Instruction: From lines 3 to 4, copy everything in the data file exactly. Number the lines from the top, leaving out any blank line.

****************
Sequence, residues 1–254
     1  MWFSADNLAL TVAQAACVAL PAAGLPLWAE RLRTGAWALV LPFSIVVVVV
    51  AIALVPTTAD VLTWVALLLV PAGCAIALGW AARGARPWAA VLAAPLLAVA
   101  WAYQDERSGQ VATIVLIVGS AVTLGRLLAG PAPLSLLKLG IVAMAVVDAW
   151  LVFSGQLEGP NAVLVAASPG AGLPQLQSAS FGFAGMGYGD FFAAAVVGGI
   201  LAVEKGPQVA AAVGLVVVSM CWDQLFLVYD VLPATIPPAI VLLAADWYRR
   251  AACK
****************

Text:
    51  AIALVPTTAD VLTWVALLLV PAGCAIALGW AARGARPWAA VLAAPLLAVA
   101  WAYQDERSGQ VATIVLIVGS AVTLGRLLAG PAPLSLLKLG IVAMAVVDAW